Brazil is associated in many people's minds with conviviality, sensuality, and natural beauty. Yet the country behind these images and associations is something of an enigma. It is alternately praised as the "country of the future," a rising power ready to take its place at the top tables of global governance, or written off as a perennial disappointment, a country forever failing to reach its potential, mired in corruption, inequality, poverty, and violence. These oscillations between euphoria and despair obscure a country with its own unique trajectory through the 20th and 21st centuries.
This Very Short Introduction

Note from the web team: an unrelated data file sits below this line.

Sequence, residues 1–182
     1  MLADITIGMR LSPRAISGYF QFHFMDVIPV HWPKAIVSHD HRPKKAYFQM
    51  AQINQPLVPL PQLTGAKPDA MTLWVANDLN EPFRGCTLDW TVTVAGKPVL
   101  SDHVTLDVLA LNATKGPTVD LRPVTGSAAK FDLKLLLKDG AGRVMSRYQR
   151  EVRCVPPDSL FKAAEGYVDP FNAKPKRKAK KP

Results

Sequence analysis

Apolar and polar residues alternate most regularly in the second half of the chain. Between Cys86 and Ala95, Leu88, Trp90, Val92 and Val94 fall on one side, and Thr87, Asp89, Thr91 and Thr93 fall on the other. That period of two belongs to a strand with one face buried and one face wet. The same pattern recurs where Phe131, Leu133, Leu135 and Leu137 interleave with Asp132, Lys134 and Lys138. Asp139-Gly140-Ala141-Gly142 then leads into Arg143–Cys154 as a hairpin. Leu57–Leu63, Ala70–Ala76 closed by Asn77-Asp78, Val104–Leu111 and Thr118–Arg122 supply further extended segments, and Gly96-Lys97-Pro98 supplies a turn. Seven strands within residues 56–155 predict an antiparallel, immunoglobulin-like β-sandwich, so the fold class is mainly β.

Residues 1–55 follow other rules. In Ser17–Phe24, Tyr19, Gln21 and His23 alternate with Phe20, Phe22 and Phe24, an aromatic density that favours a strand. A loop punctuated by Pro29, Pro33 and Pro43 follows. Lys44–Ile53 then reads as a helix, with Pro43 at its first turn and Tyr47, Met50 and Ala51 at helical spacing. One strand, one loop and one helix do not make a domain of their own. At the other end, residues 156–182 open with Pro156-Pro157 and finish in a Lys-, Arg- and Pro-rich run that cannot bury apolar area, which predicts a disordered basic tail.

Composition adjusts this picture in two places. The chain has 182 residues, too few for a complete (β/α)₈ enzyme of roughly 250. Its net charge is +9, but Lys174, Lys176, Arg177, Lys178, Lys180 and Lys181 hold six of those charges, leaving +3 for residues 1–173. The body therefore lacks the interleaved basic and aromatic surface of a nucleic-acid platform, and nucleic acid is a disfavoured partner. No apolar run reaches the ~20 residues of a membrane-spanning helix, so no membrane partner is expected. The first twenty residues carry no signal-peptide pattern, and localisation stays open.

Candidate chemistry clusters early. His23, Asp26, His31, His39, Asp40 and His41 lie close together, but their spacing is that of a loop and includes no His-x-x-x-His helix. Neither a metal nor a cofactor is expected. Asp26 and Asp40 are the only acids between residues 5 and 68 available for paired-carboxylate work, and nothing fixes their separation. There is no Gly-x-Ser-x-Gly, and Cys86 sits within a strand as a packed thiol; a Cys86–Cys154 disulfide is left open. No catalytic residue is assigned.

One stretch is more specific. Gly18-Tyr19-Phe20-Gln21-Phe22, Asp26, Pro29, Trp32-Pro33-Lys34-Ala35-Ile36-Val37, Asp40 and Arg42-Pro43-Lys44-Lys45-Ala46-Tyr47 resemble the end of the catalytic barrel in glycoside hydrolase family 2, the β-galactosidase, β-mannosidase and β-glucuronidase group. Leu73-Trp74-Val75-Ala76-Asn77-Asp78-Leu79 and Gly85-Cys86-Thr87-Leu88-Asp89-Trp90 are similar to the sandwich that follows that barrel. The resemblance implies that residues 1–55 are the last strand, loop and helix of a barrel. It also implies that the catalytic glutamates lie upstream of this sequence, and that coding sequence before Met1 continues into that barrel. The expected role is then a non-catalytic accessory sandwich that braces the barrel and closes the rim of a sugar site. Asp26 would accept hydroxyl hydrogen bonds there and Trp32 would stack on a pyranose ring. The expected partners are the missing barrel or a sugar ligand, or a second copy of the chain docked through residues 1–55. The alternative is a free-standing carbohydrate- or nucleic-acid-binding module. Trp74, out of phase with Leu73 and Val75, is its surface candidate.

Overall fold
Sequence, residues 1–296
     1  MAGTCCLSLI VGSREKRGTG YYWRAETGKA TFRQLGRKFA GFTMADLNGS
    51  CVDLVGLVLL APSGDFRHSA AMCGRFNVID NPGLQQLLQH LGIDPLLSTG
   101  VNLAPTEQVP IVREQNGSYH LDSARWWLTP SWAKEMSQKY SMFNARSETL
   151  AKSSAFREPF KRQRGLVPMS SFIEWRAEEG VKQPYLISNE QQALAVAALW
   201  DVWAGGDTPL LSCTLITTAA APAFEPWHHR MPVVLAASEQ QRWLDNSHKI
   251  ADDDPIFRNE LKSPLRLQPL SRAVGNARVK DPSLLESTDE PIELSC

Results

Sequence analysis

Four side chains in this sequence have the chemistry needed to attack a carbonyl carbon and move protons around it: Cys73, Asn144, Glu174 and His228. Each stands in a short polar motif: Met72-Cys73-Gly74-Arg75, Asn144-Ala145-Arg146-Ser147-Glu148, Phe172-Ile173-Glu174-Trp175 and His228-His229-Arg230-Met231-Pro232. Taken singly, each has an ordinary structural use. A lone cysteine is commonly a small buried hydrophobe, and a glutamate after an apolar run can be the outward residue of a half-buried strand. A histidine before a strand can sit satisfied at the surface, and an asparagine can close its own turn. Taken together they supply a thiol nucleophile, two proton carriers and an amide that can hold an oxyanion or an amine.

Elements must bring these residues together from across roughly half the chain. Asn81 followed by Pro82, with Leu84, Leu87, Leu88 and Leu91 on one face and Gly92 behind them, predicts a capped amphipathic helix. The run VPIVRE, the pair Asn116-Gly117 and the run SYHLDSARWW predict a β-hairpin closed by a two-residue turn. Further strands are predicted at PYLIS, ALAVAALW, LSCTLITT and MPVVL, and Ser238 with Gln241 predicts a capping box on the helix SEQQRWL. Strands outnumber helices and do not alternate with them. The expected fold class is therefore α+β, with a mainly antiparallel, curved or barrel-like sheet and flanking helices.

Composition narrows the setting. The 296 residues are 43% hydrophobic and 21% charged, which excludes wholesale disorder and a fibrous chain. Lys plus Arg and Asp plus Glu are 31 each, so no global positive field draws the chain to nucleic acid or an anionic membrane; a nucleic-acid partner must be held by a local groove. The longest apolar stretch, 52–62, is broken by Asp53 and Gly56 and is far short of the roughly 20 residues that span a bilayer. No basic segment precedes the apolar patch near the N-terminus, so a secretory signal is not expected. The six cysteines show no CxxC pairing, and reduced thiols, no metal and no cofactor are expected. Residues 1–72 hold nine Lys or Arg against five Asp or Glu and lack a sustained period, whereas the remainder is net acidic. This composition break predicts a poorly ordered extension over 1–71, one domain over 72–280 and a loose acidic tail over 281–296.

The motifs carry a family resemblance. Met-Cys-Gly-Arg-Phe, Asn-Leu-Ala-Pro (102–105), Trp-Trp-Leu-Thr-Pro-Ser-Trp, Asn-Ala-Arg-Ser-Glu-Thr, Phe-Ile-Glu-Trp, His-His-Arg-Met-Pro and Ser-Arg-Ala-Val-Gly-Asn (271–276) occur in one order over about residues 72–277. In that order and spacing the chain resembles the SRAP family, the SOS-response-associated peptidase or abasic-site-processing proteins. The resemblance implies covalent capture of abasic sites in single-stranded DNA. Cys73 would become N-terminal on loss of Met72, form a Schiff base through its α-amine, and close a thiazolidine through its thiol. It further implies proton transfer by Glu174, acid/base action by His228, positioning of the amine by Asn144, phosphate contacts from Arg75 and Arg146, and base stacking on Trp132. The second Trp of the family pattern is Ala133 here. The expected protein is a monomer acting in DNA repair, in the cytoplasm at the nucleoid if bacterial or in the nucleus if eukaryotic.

offers an account of modern Brazil that covers some of the major features of the country's transformation, including the rise of the modern state in the mid-20th century, the violent repression of dictatorship, the domestic economic, political, and social challenges faced by the country today, and the role Brazil plays in dealing with some of the most important contemporary global problems. In doing so, Anthony Pereira highlights some of the peculiar features of Brazil's development, such as the tendency of its political leaders to engage in complicated, informal political deals; the state's welfare institutions that often exacerbate, rather than improve, the country's deep economic inequalities; and Brazil's long history of peaceful relations with its neighbours despite a high level of state violence against citizens.
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